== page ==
It’s deeply saddening to realise that these kids will never know the thrill in playing hide and seek, or the feel of bruises when they fall from a tree, or the smell of flowers, plants, and the sand. They will never know what it feels to soak in the sun, the sound of the waves, to get lost, to get scared, or to get hurt in real.

In the end, like any addiction, we won’t realise how much we’re a slave to our habits until we try to break from them. We can overcome this digital craze by learning how to ‘unplug’ and ‘connect’ with people in real life. We all, including kids, are in a dire need of a ‘digital detox’.

There have been extreme cases reported, where teenagers have dropped out of school, no longer interacting face to face, rather they channel all their energies into the online community. There have also been couple of violent incidents where the police had to be called, because the parents tried to restrict their child’s access to devices.

Young people are wedded to their gadgets because sometimes they achieve considerable success in games and gain status ‘online’, but fail to do so ‘offline’. Hence, replacing virtual pleasures with quality time in relationships and productive things instead, would seriously bring about empowerment in human beings.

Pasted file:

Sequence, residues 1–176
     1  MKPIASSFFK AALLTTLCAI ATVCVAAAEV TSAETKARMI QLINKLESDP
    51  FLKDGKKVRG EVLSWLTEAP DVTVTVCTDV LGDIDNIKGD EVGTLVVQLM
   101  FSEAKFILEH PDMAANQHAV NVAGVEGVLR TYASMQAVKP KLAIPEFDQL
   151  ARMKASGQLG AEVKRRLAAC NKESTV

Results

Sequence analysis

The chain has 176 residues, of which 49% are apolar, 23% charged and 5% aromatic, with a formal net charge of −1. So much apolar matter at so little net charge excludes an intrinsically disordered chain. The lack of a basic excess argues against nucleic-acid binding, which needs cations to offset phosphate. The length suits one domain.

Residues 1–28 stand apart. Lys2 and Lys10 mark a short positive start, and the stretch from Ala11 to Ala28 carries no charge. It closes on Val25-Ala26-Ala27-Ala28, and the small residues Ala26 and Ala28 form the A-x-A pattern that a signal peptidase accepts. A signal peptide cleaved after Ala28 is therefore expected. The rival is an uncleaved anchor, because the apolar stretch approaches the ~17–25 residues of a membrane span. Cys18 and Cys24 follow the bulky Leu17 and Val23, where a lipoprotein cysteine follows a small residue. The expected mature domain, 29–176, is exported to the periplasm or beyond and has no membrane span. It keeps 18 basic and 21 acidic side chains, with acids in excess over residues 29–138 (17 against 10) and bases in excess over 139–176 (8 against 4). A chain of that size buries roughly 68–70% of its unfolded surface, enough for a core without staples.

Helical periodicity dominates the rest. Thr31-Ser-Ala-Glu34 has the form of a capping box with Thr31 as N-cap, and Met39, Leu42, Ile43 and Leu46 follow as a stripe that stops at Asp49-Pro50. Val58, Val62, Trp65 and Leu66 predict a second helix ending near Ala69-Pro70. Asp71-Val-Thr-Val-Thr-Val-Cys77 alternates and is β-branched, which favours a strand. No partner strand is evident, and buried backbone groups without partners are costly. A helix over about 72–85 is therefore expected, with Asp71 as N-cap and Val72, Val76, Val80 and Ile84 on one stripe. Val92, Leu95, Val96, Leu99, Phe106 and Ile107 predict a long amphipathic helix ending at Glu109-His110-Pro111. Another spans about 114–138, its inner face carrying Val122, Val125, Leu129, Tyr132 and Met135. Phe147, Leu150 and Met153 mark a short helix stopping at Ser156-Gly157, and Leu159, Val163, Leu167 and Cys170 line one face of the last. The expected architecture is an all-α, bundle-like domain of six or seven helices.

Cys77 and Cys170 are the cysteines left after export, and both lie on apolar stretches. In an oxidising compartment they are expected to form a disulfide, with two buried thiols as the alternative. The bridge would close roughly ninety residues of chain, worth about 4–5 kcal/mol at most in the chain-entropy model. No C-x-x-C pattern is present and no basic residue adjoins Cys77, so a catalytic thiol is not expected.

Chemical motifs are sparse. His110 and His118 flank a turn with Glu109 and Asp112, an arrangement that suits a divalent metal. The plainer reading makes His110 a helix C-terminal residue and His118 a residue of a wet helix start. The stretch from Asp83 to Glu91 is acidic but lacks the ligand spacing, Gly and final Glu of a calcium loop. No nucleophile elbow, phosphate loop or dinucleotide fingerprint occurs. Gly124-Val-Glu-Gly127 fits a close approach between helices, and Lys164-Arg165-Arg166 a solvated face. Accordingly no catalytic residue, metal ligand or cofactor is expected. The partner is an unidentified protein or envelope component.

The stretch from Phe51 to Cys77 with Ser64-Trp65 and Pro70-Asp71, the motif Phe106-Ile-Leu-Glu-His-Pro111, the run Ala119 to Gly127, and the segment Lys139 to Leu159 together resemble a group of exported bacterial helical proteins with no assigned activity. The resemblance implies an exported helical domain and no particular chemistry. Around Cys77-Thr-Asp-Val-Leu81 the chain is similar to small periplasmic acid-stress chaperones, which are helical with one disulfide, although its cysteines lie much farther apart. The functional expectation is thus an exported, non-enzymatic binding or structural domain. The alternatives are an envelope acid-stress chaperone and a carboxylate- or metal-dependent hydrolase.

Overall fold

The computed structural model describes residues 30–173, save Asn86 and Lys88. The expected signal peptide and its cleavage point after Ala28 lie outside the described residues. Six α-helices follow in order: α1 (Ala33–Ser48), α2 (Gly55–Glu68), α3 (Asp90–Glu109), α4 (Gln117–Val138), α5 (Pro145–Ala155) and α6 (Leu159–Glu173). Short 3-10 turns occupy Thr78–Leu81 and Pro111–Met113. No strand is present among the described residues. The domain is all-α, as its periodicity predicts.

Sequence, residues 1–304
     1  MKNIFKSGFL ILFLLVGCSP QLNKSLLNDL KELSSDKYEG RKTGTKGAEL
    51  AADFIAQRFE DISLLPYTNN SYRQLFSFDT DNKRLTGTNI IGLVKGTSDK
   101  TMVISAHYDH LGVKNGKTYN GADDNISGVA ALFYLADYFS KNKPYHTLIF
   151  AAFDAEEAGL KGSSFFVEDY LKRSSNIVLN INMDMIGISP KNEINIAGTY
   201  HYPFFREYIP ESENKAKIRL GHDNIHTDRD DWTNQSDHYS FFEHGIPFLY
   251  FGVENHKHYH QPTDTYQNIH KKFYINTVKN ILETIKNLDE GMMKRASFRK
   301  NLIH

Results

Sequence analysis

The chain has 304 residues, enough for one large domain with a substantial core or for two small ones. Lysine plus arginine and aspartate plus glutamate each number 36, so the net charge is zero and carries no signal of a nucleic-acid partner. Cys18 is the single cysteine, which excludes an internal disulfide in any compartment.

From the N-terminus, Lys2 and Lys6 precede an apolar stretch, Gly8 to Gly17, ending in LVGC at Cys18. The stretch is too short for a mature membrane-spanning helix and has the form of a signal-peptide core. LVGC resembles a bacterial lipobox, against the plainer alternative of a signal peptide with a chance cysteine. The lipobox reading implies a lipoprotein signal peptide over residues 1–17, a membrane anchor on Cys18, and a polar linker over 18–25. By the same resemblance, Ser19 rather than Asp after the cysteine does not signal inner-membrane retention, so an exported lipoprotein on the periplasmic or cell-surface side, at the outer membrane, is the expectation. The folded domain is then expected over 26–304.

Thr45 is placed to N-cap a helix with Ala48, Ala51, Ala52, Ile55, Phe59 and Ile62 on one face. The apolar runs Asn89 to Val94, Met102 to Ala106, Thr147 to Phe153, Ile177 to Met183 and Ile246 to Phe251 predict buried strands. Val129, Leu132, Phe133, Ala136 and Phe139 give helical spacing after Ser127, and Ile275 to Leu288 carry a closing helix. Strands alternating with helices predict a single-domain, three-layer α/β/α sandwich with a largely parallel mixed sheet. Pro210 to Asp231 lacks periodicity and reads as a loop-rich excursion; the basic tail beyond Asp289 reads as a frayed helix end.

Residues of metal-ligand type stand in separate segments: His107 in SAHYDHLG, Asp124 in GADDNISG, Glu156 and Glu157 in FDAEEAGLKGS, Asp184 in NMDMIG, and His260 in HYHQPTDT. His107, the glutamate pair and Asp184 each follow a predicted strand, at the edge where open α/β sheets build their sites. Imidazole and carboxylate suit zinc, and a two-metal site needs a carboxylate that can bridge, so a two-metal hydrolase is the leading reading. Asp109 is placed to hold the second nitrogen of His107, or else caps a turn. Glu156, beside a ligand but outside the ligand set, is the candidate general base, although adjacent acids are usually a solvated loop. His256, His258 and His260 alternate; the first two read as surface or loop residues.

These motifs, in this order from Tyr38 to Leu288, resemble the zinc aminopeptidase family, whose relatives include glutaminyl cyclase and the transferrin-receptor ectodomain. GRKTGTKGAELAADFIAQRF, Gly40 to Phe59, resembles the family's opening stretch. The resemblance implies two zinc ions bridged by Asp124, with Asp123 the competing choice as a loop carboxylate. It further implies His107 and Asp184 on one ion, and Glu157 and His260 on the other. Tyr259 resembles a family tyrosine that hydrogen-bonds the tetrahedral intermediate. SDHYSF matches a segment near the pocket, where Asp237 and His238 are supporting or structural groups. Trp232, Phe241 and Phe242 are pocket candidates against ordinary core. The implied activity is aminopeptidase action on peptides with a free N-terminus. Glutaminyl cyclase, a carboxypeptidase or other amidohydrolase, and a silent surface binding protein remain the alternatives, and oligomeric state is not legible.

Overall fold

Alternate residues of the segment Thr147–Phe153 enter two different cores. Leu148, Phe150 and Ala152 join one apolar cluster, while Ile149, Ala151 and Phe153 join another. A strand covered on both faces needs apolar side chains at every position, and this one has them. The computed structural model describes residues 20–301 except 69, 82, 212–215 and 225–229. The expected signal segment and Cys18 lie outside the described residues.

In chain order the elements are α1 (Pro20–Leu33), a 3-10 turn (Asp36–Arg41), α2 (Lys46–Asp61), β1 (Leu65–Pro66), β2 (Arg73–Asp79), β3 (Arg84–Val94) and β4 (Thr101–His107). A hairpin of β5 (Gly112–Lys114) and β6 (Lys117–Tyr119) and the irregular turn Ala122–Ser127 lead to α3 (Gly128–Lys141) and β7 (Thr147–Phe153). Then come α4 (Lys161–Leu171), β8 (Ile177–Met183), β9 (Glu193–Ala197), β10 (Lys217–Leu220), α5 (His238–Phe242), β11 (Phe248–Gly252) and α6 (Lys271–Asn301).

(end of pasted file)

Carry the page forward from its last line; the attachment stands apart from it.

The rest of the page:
This digital cleanse has to be initiated by parents. They are the role models at home, and therefore have to lead by example when it comes to screen time and this will encourage the kids to do the same. Secondly, we need to get more creative when it comes to physical activities for kids. It’s hard to get the kids off the couch and get them outdoors, but if the parents make moving fun and interesting, the kids might gradually abandon their devices.

Another cure to this addiction is by having strict ‘no-device’ rules in the bedroom before sleeping and this could be applied by parents as well. Using mealtimes as an opportunity to connect and bond, by banning gadgets at the table, would also bring about positive changes. Parents must also be careful not to use iPad, etc. as a digital babysitter, as that is the route of all evil.

We live in a world where we don’t jump into the waters anymore because our iPhones will get ruined. We don’t plunge into the ocean, because there’s no service on the beach and adventures aren’t real unless they’re on Instagram. As rightly said by Jeremy Glass, “Technology has doomed the spontaneity of adventure and we’re helping destroy it every time we Google, check-in, and hashtag.” ***

Photo courtesy of Essential Kids